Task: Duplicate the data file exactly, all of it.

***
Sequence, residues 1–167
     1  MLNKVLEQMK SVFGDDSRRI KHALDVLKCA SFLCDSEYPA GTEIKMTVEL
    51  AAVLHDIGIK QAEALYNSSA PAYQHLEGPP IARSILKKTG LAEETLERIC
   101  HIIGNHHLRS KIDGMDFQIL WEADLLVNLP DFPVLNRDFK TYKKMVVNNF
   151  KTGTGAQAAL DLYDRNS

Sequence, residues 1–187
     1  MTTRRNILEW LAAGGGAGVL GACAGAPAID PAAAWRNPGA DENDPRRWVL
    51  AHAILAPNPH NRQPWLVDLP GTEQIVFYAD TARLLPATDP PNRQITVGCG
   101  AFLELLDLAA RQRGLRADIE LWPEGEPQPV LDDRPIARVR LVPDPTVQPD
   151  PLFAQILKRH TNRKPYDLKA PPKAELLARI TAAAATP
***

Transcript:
Sequence, residues 1–167
     1  MLNKVLEQMK SVFGDDSRRI KHALDVLKCA SFLCDSEYPA GTEIKMTVEL
    51  AAVLHDIGIK QAEALYNSSA PAYQHLEGPP IARSILKKTG LAEETLERIC
   101  HIIGNHHLRS KIDGMDFQIL WEADLLVNLP DFPVLNRDFK TYKKMVVNNF
   151  KTGTGAQAAL DLYDRNS

Sequence, residues 1–187
     1  MTTRRNILEW LAAGGGAGVL GACAGAPAID PAAAWRNPGA DENDPRRWVL
    51  AHAILAPNPH NRQPWLVDLP GTEQIVFYAD TARLLPATDP PNRQITVGCG
   101  AFLELLDLAA RQRGLRADIE LWPEGEPQPV LDDRPIARVR LVPDPTVQPD
   151  PLFAQILKRH TNRKPYDLKA PPKAELLARI TAAAATP